“We are in phase four of gentrification,” and “now, even the gentrifiers [of the early 2000s] are being displaced,” Osman said. “A lot of people and other historians would accuse me of being too simplistic, but I didn’t make these phases up.” He held up his hands in a gesture that basically said, “I know this sucks, I’m sorry—please, please don’t eat me alive.” It’s a motion that’s become familiar amongst academics, politicians, and developers when they gather to discuss gentrification. And really, it’s annoying, particularly among those studying the field. Is it really so risky to stand your ground?
Isabel Hill was a little more willing to point the finger. As a former employee at the Department of City Planning, she witnessed first hand the changes in the city’s attitude towards real estate development of the Brooklyn waterfront from a small manufacturing stronghold to a long stretch of luxury housing with such nice views of Manhattan you can forget you’re in Brooklyn. In fact, she quit her job after the city rejected her recommendations for the waterfront, which were based on the existing community’s wishes, in favor of more moneyed interests.
Zukin agreed that the rezoning and subsequent development of north Brooklyn marked the first time the forces of gentrification operated “outside of the average person’s view.” Many of the changes were invisible until they actually got to the stage of rezoning or public meetings, instead they were confined to back room deals between politicians and the real estate industry.
The night’s discussion offered a few enlightening views on the processes of gentrification, though none of it was particularly groundbreaking, revealing, or controversial. But one glaring problem plagued the panel: the lack of serious discussion about race. The panel members didn’t bring up race in any meaningful way until the very last minute, instead they either touched upon it anecdotally, or let Hill’s characters from her documentary clips do the talking.
When Osman finally did bring up race in his closing remarks, he dismissed it as nothing more than a problematic way of looking at gentrification. “A friend told me gentrification isn’t happening in Portland because everyone is white in Portland,” he chuckled. “And that’s just not true.”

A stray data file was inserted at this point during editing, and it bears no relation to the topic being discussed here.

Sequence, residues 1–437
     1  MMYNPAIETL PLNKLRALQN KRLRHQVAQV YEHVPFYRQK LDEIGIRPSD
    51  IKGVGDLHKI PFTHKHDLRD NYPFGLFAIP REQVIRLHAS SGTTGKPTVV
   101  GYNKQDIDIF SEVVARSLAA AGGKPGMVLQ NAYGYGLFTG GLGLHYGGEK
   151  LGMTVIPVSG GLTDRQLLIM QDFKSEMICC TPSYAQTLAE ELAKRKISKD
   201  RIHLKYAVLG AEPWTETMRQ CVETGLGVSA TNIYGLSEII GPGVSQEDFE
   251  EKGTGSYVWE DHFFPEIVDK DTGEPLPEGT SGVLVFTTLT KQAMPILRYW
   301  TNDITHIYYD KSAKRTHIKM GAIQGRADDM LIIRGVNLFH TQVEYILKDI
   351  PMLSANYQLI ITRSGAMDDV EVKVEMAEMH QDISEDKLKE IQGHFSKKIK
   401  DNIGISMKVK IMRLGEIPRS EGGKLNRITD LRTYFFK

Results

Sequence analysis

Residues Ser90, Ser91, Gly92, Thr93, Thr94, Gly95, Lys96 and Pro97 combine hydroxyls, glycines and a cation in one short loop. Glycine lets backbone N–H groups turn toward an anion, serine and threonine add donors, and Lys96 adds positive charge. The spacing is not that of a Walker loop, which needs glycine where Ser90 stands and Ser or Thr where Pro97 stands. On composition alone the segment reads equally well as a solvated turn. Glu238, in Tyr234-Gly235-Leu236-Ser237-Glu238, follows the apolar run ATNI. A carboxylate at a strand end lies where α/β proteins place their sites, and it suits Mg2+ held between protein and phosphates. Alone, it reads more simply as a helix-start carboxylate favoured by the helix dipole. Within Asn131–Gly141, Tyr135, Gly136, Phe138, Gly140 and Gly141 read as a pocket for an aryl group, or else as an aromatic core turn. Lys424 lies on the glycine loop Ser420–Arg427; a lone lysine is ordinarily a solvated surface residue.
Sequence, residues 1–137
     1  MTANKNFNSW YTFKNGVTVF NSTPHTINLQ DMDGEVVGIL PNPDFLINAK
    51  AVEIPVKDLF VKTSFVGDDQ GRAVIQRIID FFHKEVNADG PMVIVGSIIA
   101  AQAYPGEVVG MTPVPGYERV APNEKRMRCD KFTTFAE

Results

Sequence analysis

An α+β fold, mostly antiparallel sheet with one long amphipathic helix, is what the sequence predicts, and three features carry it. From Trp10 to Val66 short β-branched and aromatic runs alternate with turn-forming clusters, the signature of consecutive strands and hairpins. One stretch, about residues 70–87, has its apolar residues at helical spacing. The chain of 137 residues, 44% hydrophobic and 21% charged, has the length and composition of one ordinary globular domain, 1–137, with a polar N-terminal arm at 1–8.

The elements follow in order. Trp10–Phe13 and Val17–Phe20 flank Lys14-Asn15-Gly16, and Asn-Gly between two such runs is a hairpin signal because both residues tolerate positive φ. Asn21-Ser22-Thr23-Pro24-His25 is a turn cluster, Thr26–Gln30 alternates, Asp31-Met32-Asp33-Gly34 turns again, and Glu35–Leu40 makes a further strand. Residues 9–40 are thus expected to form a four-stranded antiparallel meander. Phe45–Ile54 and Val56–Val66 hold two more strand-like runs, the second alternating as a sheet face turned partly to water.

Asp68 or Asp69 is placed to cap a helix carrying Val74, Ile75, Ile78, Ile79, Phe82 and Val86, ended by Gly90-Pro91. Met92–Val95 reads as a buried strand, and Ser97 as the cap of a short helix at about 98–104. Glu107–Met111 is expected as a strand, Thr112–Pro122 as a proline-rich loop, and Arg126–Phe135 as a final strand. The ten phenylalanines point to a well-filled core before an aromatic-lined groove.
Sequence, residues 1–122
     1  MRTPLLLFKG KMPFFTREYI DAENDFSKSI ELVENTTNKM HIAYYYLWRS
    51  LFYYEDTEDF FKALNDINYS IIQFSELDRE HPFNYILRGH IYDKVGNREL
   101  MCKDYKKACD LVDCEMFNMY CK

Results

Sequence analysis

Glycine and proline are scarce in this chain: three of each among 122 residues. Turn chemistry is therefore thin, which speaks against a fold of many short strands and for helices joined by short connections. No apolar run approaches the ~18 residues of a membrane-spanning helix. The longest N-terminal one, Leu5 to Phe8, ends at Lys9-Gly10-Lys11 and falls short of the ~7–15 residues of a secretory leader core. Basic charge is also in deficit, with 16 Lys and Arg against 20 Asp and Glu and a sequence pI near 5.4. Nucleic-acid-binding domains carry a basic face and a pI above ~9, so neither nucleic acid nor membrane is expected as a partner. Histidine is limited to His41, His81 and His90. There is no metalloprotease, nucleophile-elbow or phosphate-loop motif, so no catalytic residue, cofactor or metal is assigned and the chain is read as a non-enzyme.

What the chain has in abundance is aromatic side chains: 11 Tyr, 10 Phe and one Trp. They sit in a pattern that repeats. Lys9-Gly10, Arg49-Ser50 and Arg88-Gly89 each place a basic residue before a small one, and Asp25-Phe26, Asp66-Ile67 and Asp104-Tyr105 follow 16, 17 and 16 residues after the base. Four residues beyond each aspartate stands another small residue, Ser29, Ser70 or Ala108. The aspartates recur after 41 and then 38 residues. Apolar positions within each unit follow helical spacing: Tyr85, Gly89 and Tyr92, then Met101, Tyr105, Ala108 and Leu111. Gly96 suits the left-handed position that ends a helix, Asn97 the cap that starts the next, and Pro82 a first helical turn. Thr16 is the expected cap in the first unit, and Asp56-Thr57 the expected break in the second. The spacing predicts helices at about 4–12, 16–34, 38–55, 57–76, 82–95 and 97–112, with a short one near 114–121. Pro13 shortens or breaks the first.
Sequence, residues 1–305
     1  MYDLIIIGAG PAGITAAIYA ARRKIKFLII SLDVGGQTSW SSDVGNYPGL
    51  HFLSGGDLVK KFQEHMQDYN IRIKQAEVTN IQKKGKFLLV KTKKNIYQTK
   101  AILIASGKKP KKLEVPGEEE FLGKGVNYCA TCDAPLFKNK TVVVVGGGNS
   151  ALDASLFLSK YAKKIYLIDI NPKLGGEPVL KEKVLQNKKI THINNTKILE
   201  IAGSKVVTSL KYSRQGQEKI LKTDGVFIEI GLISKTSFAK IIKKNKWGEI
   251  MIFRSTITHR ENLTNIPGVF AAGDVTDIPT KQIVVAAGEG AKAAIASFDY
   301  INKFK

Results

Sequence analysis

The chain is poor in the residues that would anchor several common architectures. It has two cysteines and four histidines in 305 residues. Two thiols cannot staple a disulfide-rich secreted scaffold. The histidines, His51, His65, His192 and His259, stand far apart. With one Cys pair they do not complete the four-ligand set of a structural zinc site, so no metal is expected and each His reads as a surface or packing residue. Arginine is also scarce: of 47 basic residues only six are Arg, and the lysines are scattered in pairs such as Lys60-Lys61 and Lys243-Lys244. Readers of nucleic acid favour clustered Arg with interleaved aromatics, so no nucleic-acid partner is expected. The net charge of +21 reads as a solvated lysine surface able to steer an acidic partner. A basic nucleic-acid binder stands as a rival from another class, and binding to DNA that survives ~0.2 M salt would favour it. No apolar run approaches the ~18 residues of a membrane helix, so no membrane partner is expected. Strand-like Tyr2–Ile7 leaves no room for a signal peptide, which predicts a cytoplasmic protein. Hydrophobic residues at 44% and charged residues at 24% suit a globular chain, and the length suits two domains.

Right, so gentrification isn’t entirely about race; it’s also, and perhaps foremost, a class issue. But in Brooklyn particularly, failing to give race the attention it deserves in the discussion of gentrification, made it seem as though the speakers were avoiding the elephant in the room. For many residents, white people moving into historically black neighborhoods is a much more distinct sign that “change” is on the horizon than say, the opening of a Starbucks.
Admittedly, as the speakers pointed out, drawing up a simplistic racial dichotomy to explain gentrification hinders productive discussion. But that happens when race becomes the only discussion. To get beyond this impasse, race first has to be mentioned and acknowledged—ideally from the get-go—otherwise it’s the old case of “color blindness,” which we all know is total bullshit. Obviously gentrification is about class and money, but to say it’s only—or even mostly—about those things is to downplay the fact that there are still enormous obstacles to socioeconomic equality for people of color in this country. Therefore, a class issue like gentrification, particularly in a place as diverse as Brooklyn, is inextricably tied to race.
“It seems like a countdown to when we have to leave,” the same young woman from Brownsville said. “Is there anything people can do to stay where they are?”
This question came up repeatedly throughout the night, and the solutions arrived at by audience members and the panel alike were community organization and activism. “You have to organize in town hall style meetings and figure out what it is that you want, that’s the first step,” Zukin suggested, before admitting it seems like it’s getting harder and harder for people to “show up” at these community meetings.
What the panel failed to acknowledge however, is that activism and lobbying require a great deal of at least one of two resources—time and money—neither of which poor people have. And increasingly, even the middle class and nominally wealthy people seem to have comparatively less of these resources. Having extra time is a luxury, which is understandably difficult for people who are working one or more jobs with inflexible schedules, and spend their “free time” raising families. Extra time and energy—beyond what a job and other obligations sop up—is needed in order to organize, convene, and lobby their representatives. And then there’s the even more powerful resource of money, which the mega-rich have plenty of to throw around.
Osman summed up the night well with a question that was appropriately left unanswered: “You can’t embalm a neighborhood, but what can you do to make it fair?”
Events for Brooklyn: Transitions continues through December 23rd at the Brooklyn Public Library.